“Traditional Tibetans practice sky burial: the body is chopped into pieces and laid out for carrion eaters. The Zoroastrians place their dead bodies in a round raised structure known as a Tower of Silence. The thick, high walls are intended to protect the body from being degraded by water and fire. The bodies are laid on a rim inside, open to the air and the scavenger birds that perch on the walls. When they are reduced to a skeleton, attendants push the bones into the pit in the center.”

“The image of burial in the ground is terrifying for many people to be food for worms, a dreadful and seemingly unavoidable fate.”

“Walmart sells a casket ‘ designed for a woman’ with interior bedding in a light-pink velvet that is ‘soft to the touch.’ Or you can rent a coffin, and give it back after the funeral. You can be buried in a shroud. You can buy a coffin now that works as bookcase, a coffee table, or linen press until you don’t need a linen press anymore, and then your friends can put it together the other way. You can paint a coffin, decorate it, draw on it, invite your friends to draw on it. You can fill the coffin with leaves and vines. You can buy a wooden coffin kit that can be put together without tools. You can get a biodegradable bespoke coffin: a police ball box, a giant box of chocolates, a pile of autumn leaves. A golf bag. Leopard print. You don’t have to bury a body in anything, but the urge to do so seems nearly universal.”

“In 1786, the huge Les Innocents Cemetery of Paris was emptied, the bones and bodies and parts of bodies moved to the newly excavated cemetery. What an astonishing spectacle of death this must have been! For a long year Parisians were treated to nighttime caravans of rotting corpses carried through the city in carts. Enough fat was collected during the interment to make a good supply of candles and soap.”

You can get a grave for free in Germany and Belgium, but only for 20 years or so. After that, your relatives will need to rent the space for you. If they don’t, the remains are buried deeper or moved to a mass grave, and the site is used again. Both the British government and the Church of England have warned people to expect graves to be reused after 75 years. At that point, there should be nothing left beyond a few bone fragments.”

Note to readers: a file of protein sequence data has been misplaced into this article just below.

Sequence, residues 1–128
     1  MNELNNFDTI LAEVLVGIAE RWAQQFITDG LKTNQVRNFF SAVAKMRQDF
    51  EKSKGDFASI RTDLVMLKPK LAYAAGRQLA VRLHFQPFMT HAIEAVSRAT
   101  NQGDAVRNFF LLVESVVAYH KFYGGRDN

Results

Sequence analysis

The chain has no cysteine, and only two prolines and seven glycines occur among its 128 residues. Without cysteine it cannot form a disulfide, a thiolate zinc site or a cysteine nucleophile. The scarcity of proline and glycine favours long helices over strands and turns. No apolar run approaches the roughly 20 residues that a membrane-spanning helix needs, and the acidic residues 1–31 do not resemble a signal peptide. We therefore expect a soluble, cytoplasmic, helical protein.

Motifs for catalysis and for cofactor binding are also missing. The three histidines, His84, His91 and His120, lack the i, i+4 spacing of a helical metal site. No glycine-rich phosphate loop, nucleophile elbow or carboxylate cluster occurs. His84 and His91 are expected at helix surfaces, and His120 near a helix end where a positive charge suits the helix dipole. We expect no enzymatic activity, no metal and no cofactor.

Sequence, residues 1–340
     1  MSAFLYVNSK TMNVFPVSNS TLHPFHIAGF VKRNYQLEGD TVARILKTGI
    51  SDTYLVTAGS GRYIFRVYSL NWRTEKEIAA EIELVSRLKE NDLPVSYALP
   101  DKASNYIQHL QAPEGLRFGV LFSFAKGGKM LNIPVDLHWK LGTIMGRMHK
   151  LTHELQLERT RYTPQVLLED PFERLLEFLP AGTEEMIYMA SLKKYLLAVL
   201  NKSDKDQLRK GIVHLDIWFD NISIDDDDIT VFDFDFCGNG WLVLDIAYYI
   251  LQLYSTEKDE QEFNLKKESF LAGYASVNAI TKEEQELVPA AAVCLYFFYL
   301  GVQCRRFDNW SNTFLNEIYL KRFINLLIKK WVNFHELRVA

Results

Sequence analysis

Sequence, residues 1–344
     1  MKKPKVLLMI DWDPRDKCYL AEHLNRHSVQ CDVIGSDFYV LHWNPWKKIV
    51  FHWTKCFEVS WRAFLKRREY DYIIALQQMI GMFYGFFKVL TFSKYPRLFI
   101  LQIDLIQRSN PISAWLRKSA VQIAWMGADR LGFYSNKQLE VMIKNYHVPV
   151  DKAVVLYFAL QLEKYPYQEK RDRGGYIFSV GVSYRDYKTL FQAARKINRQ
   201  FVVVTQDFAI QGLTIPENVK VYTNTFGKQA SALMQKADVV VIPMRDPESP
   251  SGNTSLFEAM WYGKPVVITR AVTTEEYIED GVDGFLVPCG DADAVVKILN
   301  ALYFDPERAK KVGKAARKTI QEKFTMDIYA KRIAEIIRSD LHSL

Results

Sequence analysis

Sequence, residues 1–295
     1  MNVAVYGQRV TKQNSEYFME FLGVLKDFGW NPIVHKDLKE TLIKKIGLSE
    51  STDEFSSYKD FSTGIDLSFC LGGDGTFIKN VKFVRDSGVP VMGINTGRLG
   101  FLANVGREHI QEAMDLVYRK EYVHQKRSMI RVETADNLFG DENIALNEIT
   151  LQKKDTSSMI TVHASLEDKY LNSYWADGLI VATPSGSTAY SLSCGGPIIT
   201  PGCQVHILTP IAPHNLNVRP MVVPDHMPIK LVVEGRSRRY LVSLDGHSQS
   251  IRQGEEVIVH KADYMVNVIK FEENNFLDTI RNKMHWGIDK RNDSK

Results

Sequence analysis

“Graves last a long time in Egypt’s dry climate. Millions of people are buried here in tombs and mausoleums dating back to the 7th century. The graves are intact, but hundreds of thousands of people live among them and have for generations. Laundry hangs between the walls of tombs, children play inside the mausoleum, you can buy vegetables or get a shave next to a grave.”

“Nirvana Asia of Hong Kong offers enormous and elaborate cemeteries in several countries. Nirvana combines graveyards, columbaria (air-conditioned, with ‘advanced laser lighting system and sound effect’), memorial tablet halls (with ‘dedicated chanting of mantra at scheduled times’), a ‘Baby Paradise’ to help a child enter the afterlife freely, a burial ground carefully managed for maximum feng shui, and a cemetery for dogs and cats.”

“Hong Kong has been out of burial space for many years. Many people fulfill their responsibility to pay respects to dead ancestors by visiting a virtual grave; they can offer money or roast pig by emoji. A floating columbarium has been proposed to ‘offer serenity and breathtaking scenery with which island sites can’t compete.’”

Space for graves is so scarce and expensive in Japan that large corporations may purchase a section of a cemetery and offer a site as an employee benefit. Japan also has webcams at several cemeteries. A multistory columbarium retrieves individual urns robotically with the insertion of a key card. The Ruriden columbarium in Tokyo has 2,046 small altar niches in the walls of a quiet, dark room. Each holds a crystal Buddha statue illuminated with LED lights in different colors, representing a different drawer of ashes. When a person swipes their ID card, the appropriate statue lights up and blinks. The box for 1 person costs more than $6,000.”